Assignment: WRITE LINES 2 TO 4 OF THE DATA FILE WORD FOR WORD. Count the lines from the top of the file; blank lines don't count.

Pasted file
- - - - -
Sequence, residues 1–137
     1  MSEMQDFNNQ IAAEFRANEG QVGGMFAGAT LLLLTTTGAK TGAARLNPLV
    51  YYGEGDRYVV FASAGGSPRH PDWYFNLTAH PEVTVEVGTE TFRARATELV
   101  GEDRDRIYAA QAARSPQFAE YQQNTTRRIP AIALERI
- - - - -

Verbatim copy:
     1  MSEMQDFNNQ IAAEFRANEG QVGGMFAGAT LLLLTTTGAK TGAARLNPLV
    51  YYGEGDRYVV FASAGGSPRH PDWYFNLTAH PEVTVEVGTE TFRARATELV
   101  GEDRDRIYAA QAARSPQFAE YQQNTTRRIP AIALERI